Kenny Be, you dunce--don't you keep up with the news? Your March 13 Worst-Case Scenario, "What the World Now Owes Brad Irwin and Suzanne Terry," contained at least two mistakes. The big one was depicting British prime minister John Major attending the G-7 Summit this summer. Your error is that Britain must have an election before June, before the G-7, and John Major has less chance of winning re-election than George Bush had. It is time, Kenny, to learn how to draw Labor Prime Minister-apparent Tony Blair.
Too bad Kim Campbell or Maggie Thatcher aren't around to be the bride's attendants.
David W. Olson
It should be noted that Helmut Kohl is Germany's chancellor, not president. Roman Herzog is the German president. Still, Kohl does make a stunning bridal attendant.
The Fat Lady Sings
Thanks to M.S. Mason for the best musical howler of the week. In "Verdi Requiem," her March 20 review of Opera Colorado's production of Verdi's La Traviata, Mason has Violetta singing a great aria called "Sempre livre." This should read "Sempre libera," which does indeed translate as "always free."
"Sempre livre" would translate, at least into bad French, as "always heavy." And so, indeed, many opera stars are.
It may be a good thing to copy reality, but to invent reality is much, much better.
The Numbers Game
Reading Eric Dexheimer's "Buy the Numbers," in the March 20 issue, was a lot more entertaining than playing bingo. I still don't understand who would play the game, but at least I now understand why people host bingo games.
As usual, people like Freda Poundstone are the winners--and the taxpayers are the losers.
In reference to Eric Dexheimer's "Buy the Numbers," I've had my own unpleasant experiences with the Doyles.
I was elected a director of Fathers for Equal Rights (FFER) in June 1993. We are a 501(c)(3) nonprofit parenting organization. In September 1993 I heard that the FFER board of directors was meeting at Jim Runyon's Bingo Bug. Concerned because regular board meetings were held at the FFER office, and not aware of the directors calling this meeting, I attended. Runyan, Homer and Kevin Doyle, and another man showed up. They then proceeded to vote out the current board and install their own board of directors: themselves. Shortly thereafter, the Doyles sued the legitimate board of directors, myself included. In November 1993 the Secretary of State's office informed me that an application for renewal of our bingo license had been made by Marty Paris, an employee of Homer Doyle's. The attempted renewal was denied and the lawsuit dismissed.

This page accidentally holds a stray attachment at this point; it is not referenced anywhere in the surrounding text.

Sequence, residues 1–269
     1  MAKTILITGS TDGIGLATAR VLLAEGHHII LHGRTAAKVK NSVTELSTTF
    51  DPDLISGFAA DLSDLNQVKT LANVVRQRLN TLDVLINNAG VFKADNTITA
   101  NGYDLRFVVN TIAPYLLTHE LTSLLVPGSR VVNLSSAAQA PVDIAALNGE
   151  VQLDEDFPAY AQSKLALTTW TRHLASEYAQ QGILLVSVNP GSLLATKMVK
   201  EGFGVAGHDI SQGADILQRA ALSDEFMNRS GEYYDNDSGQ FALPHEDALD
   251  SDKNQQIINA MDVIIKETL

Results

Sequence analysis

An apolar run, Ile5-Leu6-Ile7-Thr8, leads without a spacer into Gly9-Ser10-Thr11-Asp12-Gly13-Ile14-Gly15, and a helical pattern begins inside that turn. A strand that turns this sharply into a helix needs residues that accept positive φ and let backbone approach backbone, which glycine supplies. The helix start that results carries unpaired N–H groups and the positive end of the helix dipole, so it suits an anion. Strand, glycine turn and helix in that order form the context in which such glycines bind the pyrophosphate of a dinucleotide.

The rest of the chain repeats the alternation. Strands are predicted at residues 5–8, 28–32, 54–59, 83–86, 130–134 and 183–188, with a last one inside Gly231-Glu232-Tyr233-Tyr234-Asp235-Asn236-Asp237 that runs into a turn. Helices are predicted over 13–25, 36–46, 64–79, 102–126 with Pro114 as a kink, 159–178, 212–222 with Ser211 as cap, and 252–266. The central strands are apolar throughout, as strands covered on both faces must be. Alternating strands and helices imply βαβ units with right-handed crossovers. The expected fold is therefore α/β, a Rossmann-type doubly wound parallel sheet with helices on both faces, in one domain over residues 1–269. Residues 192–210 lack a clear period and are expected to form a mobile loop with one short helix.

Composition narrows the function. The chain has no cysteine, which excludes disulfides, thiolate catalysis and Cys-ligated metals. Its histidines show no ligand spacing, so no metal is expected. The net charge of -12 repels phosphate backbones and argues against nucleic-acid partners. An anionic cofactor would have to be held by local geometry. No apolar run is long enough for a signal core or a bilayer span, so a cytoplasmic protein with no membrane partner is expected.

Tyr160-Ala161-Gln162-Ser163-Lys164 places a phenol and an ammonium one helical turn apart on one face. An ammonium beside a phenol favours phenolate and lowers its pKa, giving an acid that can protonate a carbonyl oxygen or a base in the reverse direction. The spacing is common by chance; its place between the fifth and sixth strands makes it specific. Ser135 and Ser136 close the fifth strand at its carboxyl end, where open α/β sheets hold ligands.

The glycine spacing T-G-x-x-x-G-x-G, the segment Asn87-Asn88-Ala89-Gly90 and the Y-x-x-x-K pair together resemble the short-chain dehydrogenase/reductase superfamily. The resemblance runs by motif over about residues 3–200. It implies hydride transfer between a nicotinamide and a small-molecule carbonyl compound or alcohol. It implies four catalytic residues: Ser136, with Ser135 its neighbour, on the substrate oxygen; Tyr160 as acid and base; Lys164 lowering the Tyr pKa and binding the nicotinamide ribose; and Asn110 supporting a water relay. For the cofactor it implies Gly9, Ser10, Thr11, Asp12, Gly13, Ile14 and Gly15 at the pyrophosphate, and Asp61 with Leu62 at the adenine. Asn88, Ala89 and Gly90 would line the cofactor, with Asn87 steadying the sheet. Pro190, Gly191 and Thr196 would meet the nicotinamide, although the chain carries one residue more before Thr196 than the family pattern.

The Secretary of State's office was well informed of all of this. I met with Rick Young, Patrick Ryan and the chief bingo investigator, Joe Estrada, many times. They were professional, courteous and very capable. Their investigation was quashed. Something stinks at the Colorado Secretary of State's office. The last I heard, BRAVO, aka Kevin Doyle, and Concerned Parents, aka Homer Doyle, had their grubby fingers in dozens of bingo operations.
There are huge amounts of money associated with bingo. In 1994 FFER showed gross receipts of $674,000 in our bingo game. Bingo is a wonderful funding opportunity for nonprofit organizations.
It is also a wonderful opportunity for crooks to line their own pockets.
In Dobson We Trust
Regarding Ward Harkavy's "Focus Pocus," in the March 6 issue:
What a concept, having someone in the White House who would actually restore the moral fiber of our once-great nation to the high standards we once enjoyed. Someone actually basing his decisions with his faith in God guiding him, unlike the greed and arrogance that Clinton and the Congress are using today.
Regarding that crap about Gil Alexander-Moegerle's concern that James Dobson running the country based on his religious convictions would be a violation of church and state, I would suggest that he reread American history. This country was founded with the concept that church and state were together. Our founding fathers wrote the documents that formed the very outline of what this nation once stood for based on their beliefs and faith in God. Thomas Jefferson was quoted as saying that he feared the day that we no longer held God and religion in the highest regard.
If living in a country that might once again hold its head high among other nations is more than Alexander-Moegerle can stand, I offer him a one-way ticket to the Middle Eastern country of his choice, where his only religious decision would be to kneel before that country's God or die.
David M. Hammond
I recently read Stuart Steers's February 20 article "Readin', Writin', and Rabble-Rousin'," and it once again appears that the misinformed Denver media is sensationalizing without all the facts. Sell the paper, full steam ahead.